Also, don’t miss the Marché des Enfants Rouges, which is perhaps most emblematic of the neighbourhood’s history. The oldest covered market in Paris, this delightful place is filled with vegetables and fruits of all varieties and provenance, wine, flowers, cheese stands, and food stalls selling Japanese, Italian, French, Caribbean, and Middle Eastern goodies.

For a bit of refreshment, grab a coveted seat at Le Petit Fer a Cheval, a tiny bar that pretty much defines the word charming. Across the street, the sophisticated but friendly La Belle Hortense offers the irresistible combination of wine bar and bookstore for lovers of both.

Livin’ la Vida Latin

Head to the bustling Latin Quarter to draw energy from the hedonistic atmosphere and ambitious optimism of students rushing about so purposefully. Here, along one of the oldest streets in Paris, with its full medieval heritage on display, you’ll find the Church of Saint-Séverin, a gorgeous Gothic cathedral with all the trimmings – disturbing gargoyles, stunning stained glass windows, and a compelling collection of etchings by Georges Rouault.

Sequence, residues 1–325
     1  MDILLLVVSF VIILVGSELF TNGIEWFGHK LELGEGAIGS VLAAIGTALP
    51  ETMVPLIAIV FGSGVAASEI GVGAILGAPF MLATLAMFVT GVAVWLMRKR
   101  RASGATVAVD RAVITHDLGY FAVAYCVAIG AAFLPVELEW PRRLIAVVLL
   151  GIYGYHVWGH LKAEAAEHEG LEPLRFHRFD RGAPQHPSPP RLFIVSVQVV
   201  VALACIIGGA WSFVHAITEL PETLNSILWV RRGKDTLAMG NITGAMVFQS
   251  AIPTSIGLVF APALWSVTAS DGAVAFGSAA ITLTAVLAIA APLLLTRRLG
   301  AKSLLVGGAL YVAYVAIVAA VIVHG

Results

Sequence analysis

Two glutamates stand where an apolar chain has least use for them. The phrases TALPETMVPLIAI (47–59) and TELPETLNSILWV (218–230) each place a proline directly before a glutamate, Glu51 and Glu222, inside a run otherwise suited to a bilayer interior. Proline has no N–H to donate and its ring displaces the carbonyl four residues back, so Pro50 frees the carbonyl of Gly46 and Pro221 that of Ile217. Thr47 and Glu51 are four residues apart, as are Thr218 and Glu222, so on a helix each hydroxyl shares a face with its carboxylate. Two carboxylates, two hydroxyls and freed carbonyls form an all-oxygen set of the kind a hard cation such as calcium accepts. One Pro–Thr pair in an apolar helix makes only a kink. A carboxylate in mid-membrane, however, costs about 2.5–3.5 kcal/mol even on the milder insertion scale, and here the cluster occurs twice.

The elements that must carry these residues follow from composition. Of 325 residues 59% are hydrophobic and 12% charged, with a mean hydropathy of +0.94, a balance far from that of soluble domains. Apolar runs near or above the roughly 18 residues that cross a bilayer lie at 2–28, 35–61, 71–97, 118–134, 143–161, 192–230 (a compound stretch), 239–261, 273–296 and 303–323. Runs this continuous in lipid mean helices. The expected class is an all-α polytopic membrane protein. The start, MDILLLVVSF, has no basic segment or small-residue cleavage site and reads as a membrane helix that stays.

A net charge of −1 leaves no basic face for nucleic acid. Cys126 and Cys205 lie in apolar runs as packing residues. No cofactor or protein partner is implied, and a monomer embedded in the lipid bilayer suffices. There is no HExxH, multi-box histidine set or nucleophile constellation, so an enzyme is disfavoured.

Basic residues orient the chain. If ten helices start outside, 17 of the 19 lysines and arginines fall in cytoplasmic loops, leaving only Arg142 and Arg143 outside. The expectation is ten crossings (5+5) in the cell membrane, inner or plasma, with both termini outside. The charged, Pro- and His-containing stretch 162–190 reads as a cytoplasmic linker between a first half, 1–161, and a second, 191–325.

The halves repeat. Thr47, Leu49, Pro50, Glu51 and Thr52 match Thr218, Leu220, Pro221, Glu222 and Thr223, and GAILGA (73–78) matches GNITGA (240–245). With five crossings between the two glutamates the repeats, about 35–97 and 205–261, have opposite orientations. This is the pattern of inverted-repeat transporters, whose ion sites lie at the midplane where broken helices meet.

If you’re feeling intimidated by Europe’s brightest buzzing around the streets, then a pilgrimage to the legendary Shakespeare and Company bookstore might be in order. An undisputed icon of the Parisian literary scene, this independent shop has played a role in the lives of luminaries such as James Joyce, Ernest Hemingway, Samuel Beckett, and William Burroughs. However, all that fame can make the place quite crowded at times, so if you’re looking for something a bit more low-key, then try the nearby San Francisco Book Company, which offers a great selection of used books piled from floor to ceiling.